Japanese Hospitals in Red amid Pandemic

Half of the nation’s medical institutions were in the red in July-September and many reduced their winter bonuses, according to surveys conducted by hospital groups, as the novel coronavirus pandemic continues to put pressure on the management of medical institutions.

Exhausted nurses have been expressing anguish with many saying they are almost at their limit.

■ Urgent support needed

“We’ve been struggling for funds. The government grants have arrived too late,” said Ryota Uruno, executive director of Tokyo Kinrosya Iryokai, which operates Toukatsu Hospital in Nagareyama, Chiba Prefecture.

In August, the hospital was designated by the Chiba prefectural government as a key medical institution to treat coronavirus patients and has 10 beds in dedicated wards.

However, the number of outpatients and health checkups handled by the hospital has decreased significantly, and the cumulative deficit for the period from April to November was about ¥600 million.

The hospital reduced the summer employee bonus and was planning to do the same with the winter bonus, but after receiving complaints from staff, it paid the same amount as last year.

The central government has offered grants to key medical institutions to improve coronavirus-related procedures, but the payments have been delayed. A total of ¥472.8 billion was appropriated for the grants in the second supplementary budget for this fiscal year, but only ¥275.6 billion had been granted as of Dec. 15.

Toukatsu Hospital applied for a ¥160 million government grant for the period from August to October, but the money was not transferred until Dec. 22 — after the hospital had paid the winter bonus — because it took time for the prefectural government to complete administrative procedures.

“The burden on staff has increased. Without prompt support, we won’t be able to survive,” Uruno said.

■ Bonuses cut

The Japan Hospital Association and other groups conducted a survey in July-September to investigate the business conditions of hospitals.

Of the 1,460 hospitals that responded to the survey, 54% were in the red in July, 49% in August and 52% in September.

In another survey conducted by the Japan Municipal Hospital Association, 388 hospitals reported a total decrease of ¥47.6 billion in medical income and expenditure between June and October compared to the same period last year. Of these, 90% were for hospitals that treated COVID-19 patients.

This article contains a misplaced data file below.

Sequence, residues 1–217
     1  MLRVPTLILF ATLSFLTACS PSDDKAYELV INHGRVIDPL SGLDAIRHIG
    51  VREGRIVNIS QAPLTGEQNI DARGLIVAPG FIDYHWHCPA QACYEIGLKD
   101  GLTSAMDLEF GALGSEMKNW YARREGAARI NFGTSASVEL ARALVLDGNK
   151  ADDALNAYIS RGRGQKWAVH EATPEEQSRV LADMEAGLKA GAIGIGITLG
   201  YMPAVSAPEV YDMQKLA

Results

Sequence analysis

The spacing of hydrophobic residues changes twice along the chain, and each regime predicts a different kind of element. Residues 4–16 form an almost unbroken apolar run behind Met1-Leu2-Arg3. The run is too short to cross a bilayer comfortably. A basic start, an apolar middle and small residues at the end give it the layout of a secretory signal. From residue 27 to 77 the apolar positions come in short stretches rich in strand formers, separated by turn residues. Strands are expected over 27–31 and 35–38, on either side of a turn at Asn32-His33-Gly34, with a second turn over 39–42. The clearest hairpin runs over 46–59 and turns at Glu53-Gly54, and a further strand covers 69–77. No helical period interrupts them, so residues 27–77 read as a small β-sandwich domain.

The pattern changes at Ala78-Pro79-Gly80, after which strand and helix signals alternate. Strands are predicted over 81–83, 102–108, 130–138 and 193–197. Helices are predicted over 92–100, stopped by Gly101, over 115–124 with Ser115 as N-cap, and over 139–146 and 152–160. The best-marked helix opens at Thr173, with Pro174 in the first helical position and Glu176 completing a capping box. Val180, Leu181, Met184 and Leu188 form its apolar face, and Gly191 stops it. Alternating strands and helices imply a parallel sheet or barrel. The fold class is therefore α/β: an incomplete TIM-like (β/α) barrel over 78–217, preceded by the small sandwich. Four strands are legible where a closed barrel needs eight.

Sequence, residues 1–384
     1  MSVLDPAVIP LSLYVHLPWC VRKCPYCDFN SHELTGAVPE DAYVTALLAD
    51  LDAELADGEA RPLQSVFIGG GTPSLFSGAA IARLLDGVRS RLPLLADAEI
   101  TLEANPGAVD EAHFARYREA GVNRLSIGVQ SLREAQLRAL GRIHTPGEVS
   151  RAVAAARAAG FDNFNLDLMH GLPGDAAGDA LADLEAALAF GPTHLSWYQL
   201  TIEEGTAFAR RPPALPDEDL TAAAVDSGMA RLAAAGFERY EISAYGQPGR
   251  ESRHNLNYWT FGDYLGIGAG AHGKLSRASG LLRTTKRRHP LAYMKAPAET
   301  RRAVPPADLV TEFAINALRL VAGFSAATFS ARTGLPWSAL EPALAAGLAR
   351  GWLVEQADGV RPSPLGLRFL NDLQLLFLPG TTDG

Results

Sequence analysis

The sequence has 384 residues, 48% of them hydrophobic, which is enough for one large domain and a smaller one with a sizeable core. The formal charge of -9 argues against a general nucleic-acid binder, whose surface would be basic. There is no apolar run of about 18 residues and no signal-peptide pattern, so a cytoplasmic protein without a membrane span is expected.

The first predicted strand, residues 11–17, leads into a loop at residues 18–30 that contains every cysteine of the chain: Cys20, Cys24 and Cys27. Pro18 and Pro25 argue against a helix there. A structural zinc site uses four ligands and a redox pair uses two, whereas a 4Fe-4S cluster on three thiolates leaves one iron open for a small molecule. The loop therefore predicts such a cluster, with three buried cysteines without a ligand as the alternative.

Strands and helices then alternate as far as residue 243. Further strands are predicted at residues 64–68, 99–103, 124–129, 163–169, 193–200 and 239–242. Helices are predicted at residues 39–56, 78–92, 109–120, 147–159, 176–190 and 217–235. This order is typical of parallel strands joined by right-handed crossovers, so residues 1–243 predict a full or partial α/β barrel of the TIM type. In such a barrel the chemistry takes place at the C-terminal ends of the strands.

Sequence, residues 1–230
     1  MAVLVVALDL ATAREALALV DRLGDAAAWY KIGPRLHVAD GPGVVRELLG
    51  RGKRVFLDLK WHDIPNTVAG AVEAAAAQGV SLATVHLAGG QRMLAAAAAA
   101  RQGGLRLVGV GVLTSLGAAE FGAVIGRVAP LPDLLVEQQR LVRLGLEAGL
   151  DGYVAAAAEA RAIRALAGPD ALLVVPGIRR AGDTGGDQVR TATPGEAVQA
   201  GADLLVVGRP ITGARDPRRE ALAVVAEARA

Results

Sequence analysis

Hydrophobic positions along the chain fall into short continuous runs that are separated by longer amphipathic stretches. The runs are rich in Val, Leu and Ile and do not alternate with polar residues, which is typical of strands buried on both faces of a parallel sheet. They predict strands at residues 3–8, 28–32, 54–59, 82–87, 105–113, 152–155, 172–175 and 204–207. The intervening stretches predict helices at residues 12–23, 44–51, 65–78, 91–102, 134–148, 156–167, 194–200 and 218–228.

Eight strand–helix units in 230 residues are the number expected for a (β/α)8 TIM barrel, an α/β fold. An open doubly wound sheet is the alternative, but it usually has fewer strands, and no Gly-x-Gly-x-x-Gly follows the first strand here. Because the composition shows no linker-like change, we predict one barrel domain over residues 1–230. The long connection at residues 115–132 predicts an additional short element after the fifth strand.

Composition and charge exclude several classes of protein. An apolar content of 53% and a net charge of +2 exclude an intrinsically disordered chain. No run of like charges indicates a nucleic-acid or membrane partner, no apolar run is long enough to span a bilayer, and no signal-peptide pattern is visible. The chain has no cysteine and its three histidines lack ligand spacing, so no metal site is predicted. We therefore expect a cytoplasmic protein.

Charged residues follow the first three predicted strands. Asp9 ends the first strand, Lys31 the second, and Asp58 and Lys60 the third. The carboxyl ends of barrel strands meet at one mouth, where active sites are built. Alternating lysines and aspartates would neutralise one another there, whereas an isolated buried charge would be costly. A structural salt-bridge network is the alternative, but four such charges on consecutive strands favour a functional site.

Many hospitals have reduced employee bonuses amid the severe business conditions.

A Japan Federation of Medical Worker’s Unions survey conducted in November found that 44% of 289 hospitals reported a decrease in this year’s winter bonus from the previous year, with 31 reporting a decrease of ¥100,000 or more.

■ Crowd-funding

Some hospitals have resorted to raising funds on their own.

Moriya Keiyu Hospital in Moriya, Ibaraki Prefecture, had raised about ¥47 million through online crowdfunding as of Friday, with donations from 2,773 people.

The hospital has been treating COVID-19 patients since April. Its revenue for the period from April to August decreased by about ¥150 million compared to the previous year.

Faced with the threat of having to reduce its winter bonus, the hospital launched a crowdfunding campaign on Nov. 26, setting a target of ¥10 million.

The donations it received far exceeded the target.

The hospital will use the donations to provide allowances of up to about ¥140,000 to nurses and other workers.

“The unexpectedly large amount of support was not just for us. It was probably also intended for the entire medical community fighting against the virus,” said Moriya Keiyu Hospital Director Akira Imamura.

On Friday, the central government announced a plan to provide subsidies of up to ¥15 million per bed to hospitals treating COVID-19 patients in areas where the number of cases is rapidly increasing, to encourage medical institutions to secure more beds.

Josai University Prof. Tomotoshi Iseki, who specializes in public administration and regional medical care, said: “Delays in the provision of subsidies are a matter of life and death for hospitals. The national and local governments should establish a system to promptly provide subsidies and encourage more hospitals to treat coronavirus patients.”